Here is what you can do with mirrors: delete the volume (data is lost), remove the mirror (one portion is lost, volume is no longer fault-tolerant), break the mirror (both portions keep same data).

You must be a member of the Backup Operators group or Administrators group on the local computer to extend a basic volume or to format a volume.

When moving file or folder to another volume: compression is lost, encryption is kept (only while moving between NTFS volumes) and NTFS rights are lost.

If the disks in a mirror are SCSI disks on separate controllers, both controllers must have translation enabled or disabled.

If you implement a multi-booted system with Windows Server 2003 as one of the operating systems, you should install each operating system on a separate, primary partition.

Mount Points

Keep some unallocated free space so that you can create Mount Volumes or Mount points if you want to ‘Graft’ more space onto your existing volume, especially the C:\.

You can have only 26 volumes lettered (after that you have to mount volumes under specified paths).

Disk Manager and Diskpart

Use Disk Management snap-in for managing disks. If new disk is has not been detected using Disk Management, then initialise the disk by clicking on the Action (menu) and choose Rescan Disks.

You can create an extended partition on a basic disk using the DISKPART command. You can extend simple or spanned volume.

The basic partition must be formatted as NTFS, must not be the system or boot partition, and must be extended onto immediately contiguous space on the same physical disk that is either unallocated and unformatted, or formatted with NTFS (you can not expand primary partition or logical disk on the other physical disk).

Microsoft seem keen on the idea of cannibalising disk from other machines.A disk attached from another computer is marked as Foreign.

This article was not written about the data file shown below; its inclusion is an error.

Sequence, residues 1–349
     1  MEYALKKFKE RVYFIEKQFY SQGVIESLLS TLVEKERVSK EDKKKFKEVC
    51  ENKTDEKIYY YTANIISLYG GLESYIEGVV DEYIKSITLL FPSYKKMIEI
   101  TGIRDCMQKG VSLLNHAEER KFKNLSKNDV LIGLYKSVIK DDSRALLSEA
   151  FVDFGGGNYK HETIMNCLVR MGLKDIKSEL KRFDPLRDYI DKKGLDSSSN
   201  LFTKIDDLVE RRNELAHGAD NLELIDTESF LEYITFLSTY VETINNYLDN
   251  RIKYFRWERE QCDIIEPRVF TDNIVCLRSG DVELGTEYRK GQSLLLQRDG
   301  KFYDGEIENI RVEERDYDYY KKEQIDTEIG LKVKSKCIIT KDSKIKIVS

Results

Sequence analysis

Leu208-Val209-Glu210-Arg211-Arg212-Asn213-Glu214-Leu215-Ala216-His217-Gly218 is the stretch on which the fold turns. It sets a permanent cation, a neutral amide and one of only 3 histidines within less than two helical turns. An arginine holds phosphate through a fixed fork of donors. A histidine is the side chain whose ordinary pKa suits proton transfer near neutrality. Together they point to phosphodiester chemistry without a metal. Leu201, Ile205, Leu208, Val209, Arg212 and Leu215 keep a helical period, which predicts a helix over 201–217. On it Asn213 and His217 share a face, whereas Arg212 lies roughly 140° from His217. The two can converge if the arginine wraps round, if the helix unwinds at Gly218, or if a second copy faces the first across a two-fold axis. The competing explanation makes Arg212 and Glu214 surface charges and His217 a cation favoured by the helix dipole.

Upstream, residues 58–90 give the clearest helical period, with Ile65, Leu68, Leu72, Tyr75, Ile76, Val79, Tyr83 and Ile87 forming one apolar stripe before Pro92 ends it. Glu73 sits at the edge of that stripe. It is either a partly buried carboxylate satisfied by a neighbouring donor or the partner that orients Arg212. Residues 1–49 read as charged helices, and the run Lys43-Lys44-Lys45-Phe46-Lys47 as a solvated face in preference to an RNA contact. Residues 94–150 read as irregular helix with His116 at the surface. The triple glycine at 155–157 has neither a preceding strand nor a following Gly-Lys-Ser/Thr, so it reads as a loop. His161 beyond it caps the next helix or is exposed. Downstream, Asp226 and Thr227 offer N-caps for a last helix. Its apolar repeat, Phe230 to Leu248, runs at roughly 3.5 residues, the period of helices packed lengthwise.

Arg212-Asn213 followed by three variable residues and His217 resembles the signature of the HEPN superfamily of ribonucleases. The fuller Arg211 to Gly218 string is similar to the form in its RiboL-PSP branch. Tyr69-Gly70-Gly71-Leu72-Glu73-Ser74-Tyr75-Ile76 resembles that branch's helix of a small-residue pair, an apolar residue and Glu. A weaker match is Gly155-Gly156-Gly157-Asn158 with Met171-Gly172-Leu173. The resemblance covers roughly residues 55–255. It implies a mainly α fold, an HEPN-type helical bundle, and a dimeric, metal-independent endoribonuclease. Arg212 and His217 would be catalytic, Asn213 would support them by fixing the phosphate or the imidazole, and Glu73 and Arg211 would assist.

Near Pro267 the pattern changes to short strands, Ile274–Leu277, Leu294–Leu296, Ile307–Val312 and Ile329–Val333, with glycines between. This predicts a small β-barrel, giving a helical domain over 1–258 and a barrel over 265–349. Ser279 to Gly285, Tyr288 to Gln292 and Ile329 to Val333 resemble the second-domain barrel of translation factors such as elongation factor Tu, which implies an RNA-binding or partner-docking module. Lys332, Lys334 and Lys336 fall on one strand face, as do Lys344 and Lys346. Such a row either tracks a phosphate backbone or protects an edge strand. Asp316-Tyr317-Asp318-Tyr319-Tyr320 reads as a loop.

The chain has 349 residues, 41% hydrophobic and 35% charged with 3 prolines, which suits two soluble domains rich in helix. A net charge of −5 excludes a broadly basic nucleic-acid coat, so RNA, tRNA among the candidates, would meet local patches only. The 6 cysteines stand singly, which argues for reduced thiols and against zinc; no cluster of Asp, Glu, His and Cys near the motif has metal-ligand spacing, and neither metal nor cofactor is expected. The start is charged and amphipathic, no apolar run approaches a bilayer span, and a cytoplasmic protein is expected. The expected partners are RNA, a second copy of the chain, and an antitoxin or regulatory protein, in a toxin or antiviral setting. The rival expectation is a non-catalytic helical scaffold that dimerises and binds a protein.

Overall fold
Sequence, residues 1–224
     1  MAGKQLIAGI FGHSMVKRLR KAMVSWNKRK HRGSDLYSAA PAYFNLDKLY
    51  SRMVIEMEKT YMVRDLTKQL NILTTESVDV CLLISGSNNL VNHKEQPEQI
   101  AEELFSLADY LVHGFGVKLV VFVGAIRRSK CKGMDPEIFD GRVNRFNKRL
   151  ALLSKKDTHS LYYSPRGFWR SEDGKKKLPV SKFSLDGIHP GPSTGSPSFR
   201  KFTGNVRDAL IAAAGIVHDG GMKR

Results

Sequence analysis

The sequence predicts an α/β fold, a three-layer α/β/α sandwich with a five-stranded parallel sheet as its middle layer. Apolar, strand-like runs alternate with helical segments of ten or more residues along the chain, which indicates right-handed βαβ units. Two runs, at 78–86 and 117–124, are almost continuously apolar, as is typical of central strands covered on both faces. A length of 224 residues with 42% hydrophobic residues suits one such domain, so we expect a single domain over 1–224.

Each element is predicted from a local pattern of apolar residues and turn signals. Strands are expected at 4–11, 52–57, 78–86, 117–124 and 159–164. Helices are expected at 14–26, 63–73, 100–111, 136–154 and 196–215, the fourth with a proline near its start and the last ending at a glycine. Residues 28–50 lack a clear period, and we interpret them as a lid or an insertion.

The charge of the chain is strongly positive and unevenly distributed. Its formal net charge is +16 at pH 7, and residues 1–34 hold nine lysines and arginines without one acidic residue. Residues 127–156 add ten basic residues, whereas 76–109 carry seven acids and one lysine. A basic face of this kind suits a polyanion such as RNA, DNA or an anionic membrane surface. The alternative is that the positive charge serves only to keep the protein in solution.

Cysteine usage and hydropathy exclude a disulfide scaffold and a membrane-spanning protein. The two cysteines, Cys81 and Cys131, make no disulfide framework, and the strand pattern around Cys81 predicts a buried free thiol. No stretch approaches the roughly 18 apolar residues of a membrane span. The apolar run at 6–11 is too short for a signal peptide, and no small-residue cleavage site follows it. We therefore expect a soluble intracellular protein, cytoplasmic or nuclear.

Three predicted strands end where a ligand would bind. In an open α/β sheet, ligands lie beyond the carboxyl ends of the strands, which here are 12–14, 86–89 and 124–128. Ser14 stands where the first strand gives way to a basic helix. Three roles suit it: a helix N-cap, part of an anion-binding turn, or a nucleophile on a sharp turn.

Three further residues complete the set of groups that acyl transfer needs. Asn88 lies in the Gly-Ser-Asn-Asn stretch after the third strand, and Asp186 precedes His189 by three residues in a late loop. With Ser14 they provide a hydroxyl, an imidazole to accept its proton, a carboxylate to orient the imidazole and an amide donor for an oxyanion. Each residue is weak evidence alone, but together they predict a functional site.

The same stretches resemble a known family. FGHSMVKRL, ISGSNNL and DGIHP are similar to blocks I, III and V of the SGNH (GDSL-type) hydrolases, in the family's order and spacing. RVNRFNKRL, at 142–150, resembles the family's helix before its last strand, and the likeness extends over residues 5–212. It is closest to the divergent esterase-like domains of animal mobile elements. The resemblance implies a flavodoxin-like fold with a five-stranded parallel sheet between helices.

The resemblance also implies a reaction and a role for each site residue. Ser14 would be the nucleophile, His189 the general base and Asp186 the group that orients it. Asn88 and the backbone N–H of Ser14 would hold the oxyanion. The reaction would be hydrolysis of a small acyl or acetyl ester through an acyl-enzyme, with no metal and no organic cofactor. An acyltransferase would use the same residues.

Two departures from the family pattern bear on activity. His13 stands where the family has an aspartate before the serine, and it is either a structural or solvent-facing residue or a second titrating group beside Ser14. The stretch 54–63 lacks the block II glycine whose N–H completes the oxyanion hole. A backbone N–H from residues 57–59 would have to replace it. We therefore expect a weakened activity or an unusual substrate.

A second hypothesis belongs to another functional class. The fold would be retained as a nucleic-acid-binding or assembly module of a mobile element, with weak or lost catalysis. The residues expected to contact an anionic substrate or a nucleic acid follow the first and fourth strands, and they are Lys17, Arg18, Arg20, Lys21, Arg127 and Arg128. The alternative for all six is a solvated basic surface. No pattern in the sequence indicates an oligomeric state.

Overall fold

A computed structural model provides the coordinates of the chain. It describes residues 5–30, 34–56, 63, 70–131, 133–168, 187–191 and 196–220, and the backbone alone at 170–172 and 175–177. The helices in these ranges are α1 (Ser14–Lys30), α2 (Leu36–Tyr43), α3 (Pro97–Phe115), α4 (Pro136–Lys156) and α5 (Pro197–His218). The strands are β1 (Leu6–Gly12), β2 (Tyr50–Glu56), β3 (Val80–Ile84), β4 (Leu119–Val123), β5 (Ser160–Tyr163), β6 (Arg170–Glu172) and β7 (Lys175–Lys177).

Diskpart is a command line equivalent of Disk Manager, my advice would be to use it for scripting repetitive tasks on multiple servers, however, I would want to test the scripts thoroughly, because one slip could spell disaster.

Chkdsk checks disk for errors, may recover bad sectors (exclude them from use, but can recover data only if volume is fault-tolerant).


Disk defragmenter optimizes performance by putting data in solid block.

Use Disk defragmenter or defrag.exe (use parameters: -v, -f or �a) if volume is fragmented in 10% or more (use Analyze to check it).

You need 15% of volume capacity for full defragmenting, otherwise volume will be partially defragmented.

You can not defragment remote disks.

You can not defragment disk while being backed up.

Only one copy of Disk defragmenter and/or defrag.exe can run at once.

If the disk is dirty use chkdsk first to make disk available for defragmenting.

Disk can be checked if it is dirty using fsutil dirty query c:.


Quotas are supported only on NTFS volumes.

Quota manager registers events in System log.

Administrators have No Limit configured as their quota entry.

Disk Quotas can be implemented per-volume and per-user only.

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Which command could configure the disk, e.g create a volume?
Disk Quota